Asian Lady Beetles Infestation at L&C

 

 

Image from ePestSupply  (http://www.epestsupply.com/asian_beetles.php) "The Asian lady beetle life cycle"
Image from ePestSupply
(http://www.epestsupply.com/asian_beetles.php)
“The Asian lady beetle life cycle”
Max Camero
Staff Writer

Faculty and students of Lewis and Clark Community College have noticed a bug problem this spring. Asian Lady Beetles, which are closely related to the common ladybug, have infested cracks and openings throughout campus.

One way to distinguish an Asian Lady Beetle from a normal ladybug is that the non-native insect has a white head with black spots in the shape of an “M”. However, ladybugs are known to have black heads with small white dots.

The Asian Lady Beetles come from eastern Asia, were brought overseas to eat aphids and other plant sap eating insects. The invasive beetles were first discovered in Louisiana in 1888, and have since then spread across the U.S. and parts of Canada.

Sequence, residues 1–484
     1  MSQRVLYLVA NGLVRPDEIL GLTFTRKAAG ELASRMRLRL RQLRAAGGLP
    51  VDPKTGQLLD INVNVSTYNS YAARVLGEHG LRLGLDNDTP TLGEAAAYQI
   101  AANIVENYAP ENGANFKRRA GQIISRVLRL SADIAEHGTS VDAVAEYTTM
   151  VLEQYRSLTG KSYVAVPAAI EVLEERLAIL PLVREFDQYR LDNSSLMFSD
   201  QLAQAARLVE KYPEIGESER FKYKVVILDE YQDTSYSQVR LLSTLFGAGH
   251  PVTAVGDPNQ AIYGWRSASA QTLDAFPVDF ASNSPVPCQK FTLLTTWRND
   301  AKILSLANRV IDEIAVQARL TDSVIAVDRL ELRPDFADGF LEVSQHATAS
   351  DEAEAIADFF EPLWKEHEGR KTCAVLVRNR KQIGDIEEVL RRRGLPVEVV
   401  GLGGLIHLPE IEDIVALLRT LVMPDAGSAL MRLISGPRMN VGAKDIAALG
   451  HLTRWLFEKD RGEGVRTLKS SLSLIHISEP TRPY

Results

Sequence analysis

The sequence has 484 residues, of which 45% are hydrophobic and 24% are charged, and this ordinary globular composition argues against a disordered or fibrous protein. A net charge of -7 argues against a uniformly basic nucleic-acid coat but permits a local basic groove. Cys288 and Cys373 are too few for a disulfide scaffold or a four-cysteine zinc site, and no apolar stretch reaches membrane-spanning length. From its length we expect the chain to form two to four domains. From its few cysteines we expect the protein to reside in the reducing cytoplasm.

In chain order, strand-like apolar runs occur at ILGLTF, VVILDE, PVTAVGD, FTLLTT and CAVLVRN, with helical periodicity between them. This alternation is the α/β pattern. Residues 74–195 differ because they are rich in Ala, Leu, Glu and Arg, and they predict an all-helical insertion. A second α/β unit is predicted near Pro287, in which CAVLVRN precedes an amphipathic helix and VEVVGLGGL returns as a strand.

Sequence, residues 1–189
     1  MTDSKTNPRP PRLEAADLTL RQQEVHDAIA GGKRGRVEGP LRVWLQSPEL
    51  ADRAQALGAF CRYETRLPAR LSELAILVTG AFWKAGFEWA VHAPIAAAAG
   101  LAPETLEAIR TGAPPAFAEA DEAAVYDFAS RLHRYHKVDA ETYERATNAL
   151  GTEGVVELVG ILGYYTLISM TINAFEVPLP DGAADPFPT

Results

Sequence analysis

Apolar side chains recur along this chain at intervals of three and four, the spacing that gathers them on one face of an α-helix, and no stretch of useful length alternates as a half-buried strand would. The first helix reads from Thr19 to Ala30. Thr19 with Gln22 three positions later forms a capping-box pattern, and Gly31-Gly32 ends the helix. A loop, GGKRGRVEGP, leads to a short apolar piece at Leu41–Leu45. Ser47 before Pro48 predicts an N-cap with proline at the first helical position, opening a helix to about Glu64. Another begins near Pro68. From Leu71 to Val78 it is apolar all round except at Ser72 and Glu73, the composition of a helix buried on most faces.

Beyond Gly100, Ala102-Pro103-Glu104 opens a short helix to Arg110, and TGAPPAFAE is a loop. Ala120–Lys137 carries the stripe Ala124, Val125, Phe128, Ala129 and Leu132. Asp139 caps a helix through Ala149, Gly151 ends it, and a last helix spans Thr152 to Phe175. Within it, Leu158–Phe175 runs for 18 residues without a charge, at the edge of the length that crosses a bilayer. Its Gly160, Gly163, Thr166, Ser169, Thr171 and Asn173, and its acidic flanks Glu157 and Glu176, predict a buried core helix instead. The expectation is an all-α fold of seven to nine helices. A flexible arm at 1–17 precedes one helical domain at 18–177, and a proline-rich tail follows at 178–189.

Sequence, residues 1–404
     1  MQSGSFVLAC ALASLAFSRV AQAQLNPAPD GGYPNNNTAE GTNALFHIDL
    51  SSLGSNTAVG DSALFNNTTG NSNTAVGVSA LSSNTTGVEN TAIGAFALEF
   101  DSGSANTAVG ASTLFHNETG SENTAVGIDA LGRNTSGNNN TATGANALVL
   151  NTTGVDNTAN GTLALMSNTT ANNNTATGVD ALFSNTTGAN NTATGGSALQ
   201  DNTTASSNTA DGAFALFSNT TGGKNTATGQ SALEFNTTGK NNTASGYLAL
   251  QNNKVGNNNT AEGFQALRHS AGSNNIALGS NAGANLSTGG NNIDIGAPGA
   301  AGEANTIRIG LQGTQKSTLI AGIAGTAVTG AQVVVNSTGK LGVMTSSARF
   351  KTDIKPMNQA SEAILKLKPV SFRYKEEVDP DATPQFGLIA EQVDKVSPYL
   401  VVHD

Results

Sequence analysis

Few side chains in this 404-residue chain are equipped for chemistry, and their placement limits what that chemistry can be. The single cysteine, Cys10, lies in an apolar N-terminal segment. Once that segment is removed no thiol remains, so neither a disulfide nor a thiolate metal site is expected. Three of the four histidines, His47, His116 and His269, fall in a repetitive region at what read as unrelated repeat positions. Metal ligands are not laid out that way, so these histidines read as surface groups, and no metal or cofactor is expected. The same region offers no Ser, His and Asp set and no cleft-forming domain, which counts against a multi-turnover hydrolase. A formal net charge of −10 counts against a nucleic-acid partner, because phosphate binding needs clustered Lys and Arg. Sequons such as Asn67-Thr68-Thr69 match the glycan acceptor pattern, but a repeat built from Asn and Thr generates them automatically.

Reid Memorial Library is one area that has been a hotspot for these bugs.

“As far as I can tell, they don’t do any actual damage. They’re more of a nuisance than anything,” Greg Cash, assistant Director of Reference Services, said. However, the Asian Lady Beetles do leave stains and can produce an unpleasant odor.

Cracks and crevices in bathrooms, classrooms, hallways, and Reid Restaurant have been turned into a home by the Asian Lady Beetles.

“I’ve noticed the Asian Lady Beetle problem at school, I think as long as they aren’t a threat to the students then it’s nothing to be concerned about. They’re just bugs and ladybug-ish bugs at that,” Radio Broadcasting major Makena Carmen said.

L&C is aware of the present bug problem that may be nothing more than annoyance, but still requires attention.

“The college uses Garella Pest Services and they have done spot treatments at various locations on campus where the beetles have been a problem. Garella will also do a campus-wide treatment this fall to reduce the beetles’ presence next spring,” Gary Ayres, L&C vice president of administration said.

For those wanting to dive deeper into the insect world and learn more about their behaviors and makeup, L&C offers an applied entomology class to those interested. The course description can be found at http://catalog.lc.edu/, along with all other offered classes.

 

Contact Maxine at mcamero@lc.edu

 

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